Keet Seel Hike

Navajo National Monument

By Carrie Miner

Due to limited staff and cold temperatures/icy conditions in the canyon, the park WILL NOT BE OFFERING guided Betatakin tours until May 11, 2020 when seasonal park rangers return to the park.

KEET SEEL IS CLOSED and will reopen Memorial Day Weekend 2020. The first day available to hike to Keet Seel is May 24, 2020. The park is currently taking all 2020 Keet Seel reservations by phone call or in person at the visitor center.

Caution: If you have hip, knee, heart, respiratory problems or recent surgery, please do not attempt any of the guided hikes.

Most of my life, I’ve been listening to men brag about their outdoor adventures, usually in a great giddy rush of testosterone and generally without breaking a sweat. Of course, these stories can be quite entertaining, but men always make it sound like some sort of special club complete with a secret handshake and, NO GIRLS ALLOWED!

So when I got a chance to take a rugged three-day hike to some mysterious ruins of a long-vanished civilization, I recruited a girlfriend, Theresa Mason, and we set out to investigate the ancient and compelling myth of testosterone—sort of a girls’ adventure out. Theresa agreed readily, having also recently decided to go in search of the Wild Woman lurking beneath her lipstick.

We would test ourselves against a 18.5-mile round trip hike to the ancient Anasazi (a Navajo meaning the "ancient ones") ruins at Keet Seel, which is located beside a gentle stream deep in the sandstone cayonlands of northeastern Arizona. The hike sounded like a plausible test of womanhood—especially with a five-mile side trip to the ruins at Betatakin at the Navajo National Monument thrown in for good measure. Theresa and I joined a group of hikers early the day we started. We quickly noticed we were the only ones registered for both the Keet Seel and the Betatakin hikes. Ha. Wimps.

We would start with Betatakin. Theresa and I piled into my little car and followed Park Ranger Anna Gray’s jeep down a dirt road to the trailhead. Gray, a member of the Navajo tribe, launched into stories as we hiked. Along the way she pointed out indigenous plants such as scarlet penstemon, cliffrose, sage, yucca and buffalo berries. She told stories, passed down from her grandfather, about cooking, weaving and healing in the Navajo tribe. At an overlook, she told the story of the Long Walk—the forced exile of the Navajos from their homeland after U. S. Army units led by famed scout Kit Carson harried the tribe into near starvation. "The Navajo hid in these canyons," she said. She offered a distinctly Indian view of Kit Carson, who was ordered by superiors to shoot down even those bands who tried to surrender. "He was not a nice man," Gray said.

Betatakin - Ledge House

The wind gusted as she talked, causing her hair to billow in a dark ribbon. We clutched our hats and followed her from the overlook back onto the trail and down into the canyon. Once at Betatakin – the Navajo word for "ledge house" – we stood at the edge of an aspen forest near the base of the great arching sandstone cave which houses the cliff dwelling. The arch soars upward 450 feet and spans 370 feet. Gray told stories about the people who inhabited the buildings long before the Navajo came into the Southwest. Tree ring dates taken from beams within the ruins indicate that a few people lived at the site around A. D. 250, but no one established long-term occupancy until about 1269. The last building was erected in 1286, when more than 100 people lived, worked and played under the great sandstone arch. Mysteriously, just 50 years after the first people climbed the canyon walls to build their homes in the sheltered alcove, the Anasazi departed, leaving Betatakin occupied only by winds and wandering spirits. "The Navajo don’t bother these ruins. We leave them as they are," said Gray. "We believe they’re still walking around up there. Going in [the ruins] is forbidden. The spirits will hunt you down."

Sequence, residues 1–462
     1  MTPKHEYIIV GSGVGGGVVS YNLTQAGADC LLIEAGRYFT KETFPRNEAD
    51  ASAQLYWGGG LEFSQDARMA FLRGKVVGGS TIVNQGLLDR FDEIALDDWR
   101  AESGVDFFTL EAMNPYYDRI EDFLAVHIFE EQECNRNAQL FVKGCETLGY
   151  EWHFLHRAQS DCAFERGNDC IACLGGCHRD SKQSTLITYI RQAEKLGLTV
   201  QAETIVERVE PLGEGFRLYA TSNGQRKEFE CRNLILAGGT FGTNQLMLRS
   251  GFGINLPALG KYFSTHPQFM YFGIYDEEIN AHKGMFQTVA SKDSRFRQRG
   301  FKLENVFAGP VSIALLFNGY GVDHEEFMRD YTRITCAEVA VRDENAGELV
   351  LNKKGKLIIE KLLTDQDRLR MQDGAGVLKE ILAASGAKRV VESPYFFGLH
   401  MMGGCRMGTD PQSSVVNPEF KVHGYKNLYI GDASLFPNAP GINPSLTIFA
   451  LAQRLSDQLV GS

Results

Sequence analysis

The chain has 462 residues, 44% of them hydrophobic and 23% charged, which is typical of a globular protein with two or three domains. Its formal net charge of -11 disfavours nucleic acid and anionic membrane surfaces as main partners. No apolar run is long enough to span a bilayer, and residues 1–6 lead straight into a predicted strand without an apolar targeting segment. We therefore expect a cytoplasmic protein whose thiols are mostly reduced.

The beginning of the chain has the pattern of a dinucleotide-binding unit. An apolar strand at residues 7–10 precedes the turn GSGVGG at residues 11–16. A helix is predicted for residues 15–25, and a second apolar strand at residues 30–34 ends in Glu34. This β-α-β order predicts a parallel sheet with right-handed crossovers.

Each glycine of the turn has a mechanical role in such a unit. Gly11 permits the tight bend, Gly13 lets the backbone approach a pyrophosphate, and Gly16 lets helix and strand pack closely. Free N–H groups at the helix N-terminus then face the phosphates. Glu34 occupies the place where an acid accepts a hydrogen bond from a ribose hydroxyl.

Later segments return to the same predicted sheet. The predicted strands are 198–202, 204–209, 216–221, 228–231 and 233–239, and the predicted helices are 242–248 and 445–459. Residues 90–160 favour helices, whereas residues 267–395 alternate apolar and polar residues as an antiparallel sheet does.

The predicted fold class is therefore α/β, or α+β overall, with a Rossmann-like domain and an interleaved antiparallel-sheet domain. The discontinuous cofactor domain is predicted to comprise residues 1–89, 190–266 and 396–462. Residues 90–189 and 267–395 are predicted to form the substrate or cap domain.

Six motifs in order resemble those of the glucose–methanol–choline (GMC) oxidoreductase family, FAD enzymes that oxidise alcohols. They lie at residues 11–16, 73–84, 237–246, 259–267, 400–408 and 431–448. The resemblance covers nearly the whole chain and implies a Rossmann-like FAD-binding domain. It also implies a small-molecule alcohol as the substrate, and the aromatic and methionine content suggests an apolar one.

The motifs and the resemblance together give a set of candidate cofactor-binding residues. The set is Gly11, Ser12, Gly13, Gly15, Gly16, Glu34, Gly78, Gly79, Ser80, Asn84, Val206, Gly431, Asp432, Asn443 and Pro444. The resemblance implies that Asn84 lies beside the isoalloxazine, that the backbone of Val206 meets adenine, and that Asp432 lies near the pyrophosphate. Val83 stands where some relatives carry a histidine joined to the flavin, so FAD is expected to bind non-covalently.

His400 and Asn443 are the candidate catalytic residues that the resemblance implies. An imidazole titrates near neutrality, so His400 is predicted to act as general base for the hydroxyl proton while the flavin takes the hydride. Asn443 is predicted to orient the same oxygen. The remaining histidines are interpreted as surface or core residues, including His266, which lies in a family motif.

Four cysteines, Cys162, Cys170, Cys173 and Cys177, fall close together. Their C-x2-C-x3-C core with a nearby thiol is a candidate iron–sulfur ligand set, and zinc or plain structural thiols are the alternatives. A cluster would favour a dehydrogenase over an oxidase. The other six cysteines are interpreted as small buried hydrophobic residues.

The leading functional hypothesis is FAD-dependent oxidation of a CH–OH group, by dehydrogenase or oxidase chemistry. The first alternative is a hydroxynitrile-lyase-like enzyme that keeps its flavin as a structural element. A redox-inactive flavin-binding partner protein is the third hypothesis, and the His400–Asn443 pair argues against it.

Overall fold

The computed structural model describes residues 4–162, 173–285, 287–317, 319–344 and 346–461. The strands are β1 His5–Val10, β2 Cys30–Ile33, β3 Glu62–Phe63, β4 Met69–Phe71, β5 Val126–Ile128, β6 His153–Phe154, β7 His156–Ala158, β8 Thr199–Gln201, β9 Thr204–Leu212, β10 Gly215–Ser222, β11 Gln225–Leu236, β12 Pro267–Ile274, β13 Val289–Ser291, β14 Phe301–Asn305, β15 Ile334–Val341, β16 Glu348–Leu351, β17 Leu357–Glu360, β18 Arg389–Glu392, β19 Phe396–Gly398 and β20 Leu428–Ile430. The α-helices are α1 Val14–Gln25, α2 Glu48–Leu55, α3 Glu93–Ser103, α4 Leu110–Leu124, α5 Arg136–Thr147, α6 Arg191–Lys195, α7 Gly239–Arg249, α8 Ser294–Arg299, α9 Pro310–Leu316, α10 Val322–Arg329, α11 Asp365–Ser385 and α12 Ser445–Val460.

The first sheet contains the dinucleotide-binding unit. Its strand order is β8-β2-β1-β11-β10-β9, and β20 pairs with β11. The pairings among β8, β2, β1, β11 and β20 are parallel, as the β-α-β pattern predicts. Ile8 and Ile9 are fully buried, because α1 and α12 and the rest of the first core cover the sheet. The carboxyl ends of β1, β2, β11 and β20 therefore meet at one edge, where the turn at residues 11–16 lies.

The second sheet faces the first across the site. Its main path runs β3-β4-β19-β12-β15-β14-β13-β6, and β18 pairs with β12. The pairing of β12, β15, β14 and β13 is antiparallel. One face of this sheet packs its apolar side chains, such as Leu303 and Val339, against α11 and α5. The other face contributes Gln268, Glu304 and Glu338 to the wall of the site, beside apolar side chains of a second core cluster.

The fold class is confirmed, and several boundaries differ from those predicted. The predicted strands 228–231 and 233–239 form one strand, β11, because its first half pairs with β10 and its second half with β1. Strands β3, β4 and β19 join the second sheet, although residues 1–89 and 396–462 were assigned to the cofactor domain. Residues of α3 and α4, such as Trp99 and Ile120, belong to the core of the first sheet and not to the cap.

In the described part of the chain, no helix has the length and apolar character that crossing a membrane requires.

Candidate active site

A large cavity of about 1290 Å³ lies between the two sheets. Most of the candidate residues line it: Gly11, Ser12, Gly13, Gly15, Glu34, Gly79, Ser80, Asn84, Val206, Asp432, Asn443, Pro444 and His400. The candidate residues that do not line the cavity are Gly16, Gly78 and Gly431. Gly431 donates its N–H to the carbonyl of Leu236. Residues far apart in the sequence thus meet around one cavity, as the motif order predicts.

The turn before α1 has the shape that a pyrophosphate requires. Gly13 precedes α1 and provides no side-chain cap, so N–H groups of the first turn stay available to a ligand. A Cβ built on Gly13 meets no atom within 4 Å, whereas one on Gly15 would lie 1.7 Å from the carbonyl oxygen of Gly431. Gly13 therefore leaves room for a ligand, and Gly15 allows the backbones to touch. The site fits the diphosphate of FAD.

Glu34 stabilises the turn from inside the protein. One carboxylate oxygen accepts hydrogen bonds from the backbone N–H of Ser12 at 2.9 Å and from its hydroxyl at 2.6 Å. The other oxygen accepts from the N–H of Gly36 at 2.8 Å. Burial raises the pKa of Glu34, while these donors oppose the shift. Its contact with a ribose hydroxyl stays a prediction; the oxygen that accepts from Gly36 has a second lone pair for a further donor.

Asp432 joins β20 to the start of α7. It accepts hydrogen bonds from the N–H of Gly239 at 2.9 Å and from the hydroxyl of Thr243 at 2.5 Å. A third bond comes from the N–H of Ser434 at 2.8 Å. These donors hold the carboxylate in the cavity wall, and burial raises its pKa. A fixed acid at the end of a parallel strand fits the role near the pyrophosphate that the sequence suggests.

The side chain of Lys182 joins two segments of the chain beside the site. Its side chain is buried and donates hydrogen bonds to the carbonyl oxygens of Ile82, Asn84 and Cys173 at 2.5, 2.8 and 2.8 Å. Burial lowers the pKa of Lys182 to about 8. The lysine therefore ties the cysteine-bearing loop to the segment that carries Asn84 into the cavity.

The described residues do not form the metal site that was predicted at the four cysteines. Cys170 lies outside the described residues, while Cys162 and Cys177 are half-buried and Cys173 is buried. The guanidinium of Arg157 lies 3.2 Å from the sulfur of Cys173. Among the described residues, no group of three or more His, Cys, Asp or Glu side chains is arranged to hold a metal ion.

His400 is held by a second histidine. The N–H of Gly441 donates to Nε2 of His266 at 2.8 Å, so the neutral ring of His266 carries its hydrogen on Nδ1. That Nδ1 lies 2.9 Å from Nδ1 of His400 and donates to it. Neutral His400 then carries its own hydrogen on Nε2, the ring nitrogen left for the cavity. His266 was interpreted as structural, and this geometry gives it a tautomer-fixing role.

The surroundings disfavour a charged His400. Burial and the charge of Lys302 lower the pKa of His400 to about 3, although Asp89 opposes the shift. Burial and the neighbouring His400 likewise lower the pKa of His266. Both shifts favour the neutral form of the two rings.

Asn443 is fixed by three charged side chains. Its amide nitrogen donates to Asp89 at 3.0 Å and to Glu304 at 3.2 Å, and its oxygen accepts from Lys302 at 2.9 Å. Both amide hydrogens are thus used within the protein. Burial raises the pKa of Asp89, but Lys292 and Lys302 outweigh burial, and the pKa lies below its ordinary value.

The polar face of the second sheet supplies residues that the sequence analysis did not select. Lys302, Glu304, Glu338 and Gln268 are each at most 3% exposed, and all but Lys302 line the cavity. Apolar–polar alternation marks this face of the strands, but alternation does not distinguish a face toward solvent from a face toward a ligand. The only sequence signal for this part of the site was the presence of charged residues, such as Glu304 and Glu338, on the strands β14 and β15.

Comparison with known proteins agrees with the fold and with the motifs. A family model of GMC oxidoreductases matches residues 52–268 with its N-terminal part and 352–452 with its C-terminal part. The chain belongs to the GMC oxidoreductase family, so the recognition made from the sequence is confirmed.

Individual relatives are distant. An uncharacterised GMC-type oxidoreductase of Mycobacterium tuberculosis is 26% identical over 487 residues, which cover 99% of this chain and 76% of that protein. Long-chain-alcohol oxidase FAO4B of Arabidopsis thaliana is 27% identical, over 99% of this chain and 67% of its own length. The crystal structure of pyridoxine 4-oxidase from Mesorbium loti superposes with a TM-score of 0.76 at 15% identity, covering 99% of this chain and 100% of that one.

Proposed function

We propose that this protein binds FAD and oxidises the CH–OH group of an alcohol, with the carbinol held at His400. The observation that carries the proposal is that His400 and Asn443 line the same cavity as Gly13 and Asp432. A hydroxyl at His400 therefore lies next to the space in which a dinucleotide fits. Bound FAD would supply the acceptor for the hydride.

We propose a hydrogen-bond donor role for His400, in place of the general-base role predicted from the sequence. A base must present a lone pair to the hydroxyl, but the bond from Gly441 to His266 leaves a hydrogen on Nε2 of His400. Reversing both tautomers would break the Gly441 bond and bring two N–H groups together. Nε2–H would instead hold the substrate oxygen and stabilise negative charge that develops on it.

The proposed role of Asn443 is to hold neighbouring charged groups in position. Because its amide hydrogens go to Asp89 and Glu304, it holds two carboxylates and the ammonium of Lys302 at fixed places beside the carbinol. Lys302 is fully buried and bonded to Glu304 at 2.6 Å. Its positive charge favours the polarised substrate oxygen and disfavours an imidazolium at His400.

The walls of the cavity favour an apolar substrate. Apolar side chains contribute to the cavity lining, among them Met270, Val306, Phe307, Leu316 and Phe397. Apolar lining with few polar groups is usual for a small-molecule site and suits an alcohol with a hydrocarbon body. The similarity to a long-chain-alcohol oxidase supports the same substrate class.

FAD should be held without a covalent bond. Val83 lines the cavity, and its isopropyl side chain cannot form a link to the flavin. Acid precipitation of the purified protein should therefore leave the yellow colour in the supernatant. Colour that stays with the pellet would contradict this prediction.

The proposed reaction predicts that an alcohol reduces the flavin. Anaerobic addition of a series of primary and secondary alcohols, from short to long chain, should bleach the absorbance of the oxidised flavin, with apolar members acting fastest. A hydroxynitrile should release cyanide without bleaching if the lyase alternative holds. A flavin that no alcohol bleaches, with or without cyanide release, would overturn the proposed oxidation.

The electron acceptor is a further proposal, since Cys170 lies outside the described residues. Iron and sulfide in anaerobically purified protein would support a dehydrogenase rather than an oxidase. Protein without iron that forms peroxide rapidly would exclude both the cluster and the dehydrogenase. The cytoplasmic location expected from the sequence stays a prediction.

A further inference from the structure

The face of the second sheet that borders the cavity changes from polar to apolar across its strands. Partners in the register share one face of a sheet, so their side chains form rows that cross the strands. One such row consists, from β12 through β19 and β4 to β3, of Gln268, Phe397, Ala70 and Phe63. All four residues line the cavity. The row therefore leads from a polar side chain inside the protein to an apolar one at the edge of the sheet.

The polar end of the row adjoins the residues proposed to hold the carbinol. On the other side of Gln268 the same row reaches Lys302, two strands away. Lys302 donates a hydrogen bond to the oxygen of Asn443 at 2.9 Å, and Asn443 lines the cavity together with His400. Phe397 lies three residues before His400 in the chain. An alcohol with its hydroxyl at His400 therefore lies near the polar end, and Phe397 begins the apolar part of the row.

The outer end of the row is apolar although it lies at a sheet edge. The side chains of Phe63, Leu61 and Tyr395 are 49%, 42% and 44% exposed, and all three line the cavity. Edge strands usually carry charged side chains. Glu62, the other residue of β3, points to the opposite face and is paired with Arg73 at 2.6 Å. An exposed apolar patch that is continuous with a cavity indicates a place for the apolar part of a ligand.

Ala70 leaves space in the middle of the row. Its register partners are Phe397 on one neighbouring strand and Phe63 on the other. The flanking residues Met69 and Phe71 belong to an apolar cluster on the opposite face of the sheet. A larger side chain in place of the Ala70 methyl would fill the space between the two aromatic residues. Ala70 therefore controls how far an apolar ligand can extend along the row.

The public is not allowed to enter Betatakin, which had to be closed as part of an effort to preserve the crumbling ruins. We listened as the rippling sandstone caught our voices and threw them back at us. I wondered what it must have sounded like when 100 people lived and loved and played in this sandstone space, the shouts of children echoing off the soaring sedimentary architecture.

After a short while, our group began to fracture. People began to make their way back up the strenuous trail out of the canyon—a trip equivalent to climbing the stairs of a 70-story building. Theresa and I lingered to the very last, finding it difficult to walk away from the beauty. We felt faintly smug, having weathered the shakedown cruise without breaking a sweat.